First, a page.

My Right is Our Future: The Transformative Power of Disability-Inclusive Education
This is a useful inclusive education primer. The publication explores the challenges and provides practical suggestions on how to support disability-inclusive education systems that can better meet both the general and specific learning needs of all children with disabilities. Framed around a number of case studies and accounts of experiences CBM has gathered in more than 100 years of supporting partners in education provision, this publication considers questions as diverse as how we can include persons with disabilities, their families, and their organisations to achieve inclusive education to how inclusive education ought to be financed.
Sharma U, Forlin C, Marella M, Sprunt B, Deppeler J and Jitoko F (2016)
Pacific Indicators for Disability-Inclusive Education The Guidelines Manual 2016
The Pacific Indicators for Disability Inclusive Education (Pacific-INDIE) were designed in collaboration with a number of stakeholders, to support the implementation of disability inclusive education in the Pacific region. The indicators were developed to assist Pacific Island countries in setting targets within program planning and program implementation to help improve the inclusion of children and youth with disabilities in education. The Guidance Manual published by Monash University provides an overview of the development of the indicators, guidance for stakeholders in the use of the indicators, and the final set of indicators with includes 48 indicators across 10 dimensions of disability inclusive education. The Guidance Manual provides practical information about how to implement and measure the indicators. There is a Brief Overview available (in several languages) which provides a summary of the manual.
Ministry of Education - Fiji (2016)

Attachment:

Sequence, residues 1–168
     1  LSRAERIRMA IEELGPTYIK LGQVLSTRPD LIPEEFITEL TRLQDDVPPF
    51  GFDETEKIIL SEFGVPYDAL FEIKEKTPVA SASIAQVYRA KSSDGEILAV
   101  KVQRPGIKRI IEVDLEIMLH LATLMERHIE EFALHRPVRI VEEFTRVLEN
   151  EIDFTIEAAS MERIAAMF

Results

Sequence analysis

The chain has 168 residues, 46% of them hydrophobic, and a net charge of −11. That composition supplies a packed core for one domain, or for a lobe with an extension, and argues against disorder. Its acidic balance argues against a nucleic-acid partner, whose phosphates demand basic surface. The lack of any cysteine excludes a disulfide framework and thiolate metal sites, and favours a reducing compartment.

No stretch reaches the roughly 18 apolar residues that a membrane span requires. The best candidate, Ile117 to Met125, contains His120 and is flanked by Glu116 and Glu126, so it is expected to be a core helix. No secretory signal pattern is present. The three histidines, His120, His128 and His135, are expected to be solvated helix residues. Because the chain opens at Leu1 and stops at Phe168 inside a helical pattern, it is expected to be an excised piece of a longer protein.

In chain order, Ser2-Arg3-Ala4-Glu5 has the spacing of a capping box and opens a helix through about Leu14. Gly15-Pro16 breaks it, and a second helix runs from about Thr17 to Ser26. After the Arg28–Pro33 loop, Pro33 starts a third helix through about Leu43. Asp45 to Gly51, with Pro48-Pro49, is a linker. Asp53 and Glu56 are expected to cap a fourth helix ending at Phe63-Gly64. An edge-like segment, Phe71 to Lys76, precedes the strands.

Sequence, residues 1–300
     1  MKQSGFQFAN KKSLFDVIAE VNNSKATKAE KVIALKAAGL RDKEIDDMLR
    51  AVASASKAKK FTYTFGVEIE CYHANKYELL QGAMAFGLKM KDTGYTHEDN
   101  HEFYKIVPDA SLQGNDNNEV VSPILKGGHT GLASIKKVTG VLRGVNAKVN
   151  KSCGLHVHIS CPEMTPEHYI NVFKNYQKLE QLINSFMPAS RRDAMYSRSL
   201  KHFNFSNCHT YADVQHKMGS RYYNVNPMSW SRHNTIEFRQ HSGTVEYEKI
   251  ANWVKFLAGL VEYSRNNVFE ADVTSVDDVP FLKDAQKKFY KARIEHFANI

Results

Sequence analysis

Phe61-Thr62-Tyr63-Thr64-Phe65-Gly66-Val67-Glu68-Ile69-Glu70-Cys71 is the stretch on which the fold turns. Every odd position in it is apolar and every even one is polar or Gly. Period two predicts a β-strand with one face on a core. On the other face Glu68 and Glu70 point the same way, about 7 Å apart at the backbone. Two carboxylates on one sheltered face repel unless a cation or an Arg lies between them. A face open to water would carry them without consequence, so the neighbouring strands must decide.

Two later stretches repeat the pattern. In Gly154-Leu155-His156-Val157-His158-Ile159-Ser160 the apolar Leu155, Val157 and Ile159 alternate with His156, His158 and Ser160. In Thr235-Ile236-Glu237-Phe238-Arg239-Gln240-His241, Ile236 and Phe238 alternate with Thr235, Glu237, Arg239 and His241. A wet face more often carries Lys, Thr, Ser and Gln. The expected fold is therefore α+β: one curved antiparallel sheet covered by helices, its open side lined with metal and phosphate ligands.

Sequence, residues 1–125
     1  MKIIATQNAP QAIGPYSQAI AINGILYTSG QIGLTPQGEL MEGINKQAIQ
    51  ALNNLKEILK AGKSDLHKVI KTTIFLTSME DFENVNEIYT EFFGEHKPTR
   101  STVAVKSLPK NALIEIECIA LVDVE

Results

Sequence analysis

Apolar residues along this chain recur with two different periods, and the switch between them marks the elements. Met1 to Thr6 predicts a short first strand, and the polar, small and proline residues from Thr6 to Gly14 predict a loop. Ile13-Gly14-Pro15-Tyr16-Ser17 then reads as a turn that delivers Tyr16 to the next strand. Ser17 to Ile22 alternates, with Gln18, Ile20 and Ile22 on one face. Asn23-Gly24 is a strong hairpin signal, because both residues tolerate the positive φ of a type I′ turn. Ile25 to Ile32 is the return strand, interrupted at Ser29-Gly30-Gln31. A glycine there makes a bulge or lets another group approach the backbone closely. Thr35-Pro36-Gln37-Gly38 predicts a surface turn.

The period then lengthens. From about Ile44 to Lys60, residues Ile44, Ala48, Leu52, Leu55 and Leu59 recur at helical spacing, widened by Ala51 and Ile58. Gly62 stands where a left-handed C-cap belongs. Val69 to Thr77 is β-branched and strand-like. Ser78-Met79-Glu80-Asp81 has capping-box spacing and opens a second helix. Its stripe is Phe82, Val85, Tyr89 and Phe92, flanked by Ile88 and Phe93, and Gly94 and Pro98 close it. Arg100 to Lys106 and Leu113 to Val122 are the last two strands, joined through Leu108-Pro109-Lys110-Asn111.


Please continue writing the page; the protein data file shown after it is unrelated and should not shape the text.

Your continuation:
Disability Inclusion FEMIS training video
This 8.34 long video on YouTube explains the Fiji Education Management Information System (FEMIS), which is used to document children who may have difficulties in functioning and to assess the school’s accessibility. The video clarifies how to use the two documents vital to FEMIS: 1- Student Learning Profile Form and 2- School Accessibility and Inclusion Form. FEMIS assists the Fijian Ministry of Education in monitoring, planning, budgeting and reporting on a national level. The video demonstrates people filling in the paper and computer versions of the form and has scenes of parent/teacher interviews.
AQEP Disability Inclusion Film
This is a 4.19 long video demonstrating the use of the Australian Government Funded Access to Quality Education Program (AQEP) in Fiji. Parents and teachers are interviewed and there are scenes of children, including those with disability in the classroom and engaging with other students.
Mizunoya S, Mitra S and Yamasaki I (2016)
Towards inclusive education: The impact of disability on school attendance in developing countries
This paper by UNICEF’s research office explores the impact of disability on school attendance. The research uses nationally representative data from 18 surveys in 15 countries to explore three questions: How common is disability among children? What is the gap between children with and without disabilities who are out of school? What are the key determinants of school attendance for children with disabilities? The paper finds that the average disability gap in school attendance is 30% in primary and secondary schools in 15 countries. The report provides evidence that disability is a critical factor influencing school attendance and that education policies in countries close to reaching universal primary education (e.g. Indonesia) are not adequately addressing the barriers to school attendance for children with disabilities. The authors call for improvements in disability data collection worldwide and a greater focus on initial school attendance for children with disabilities.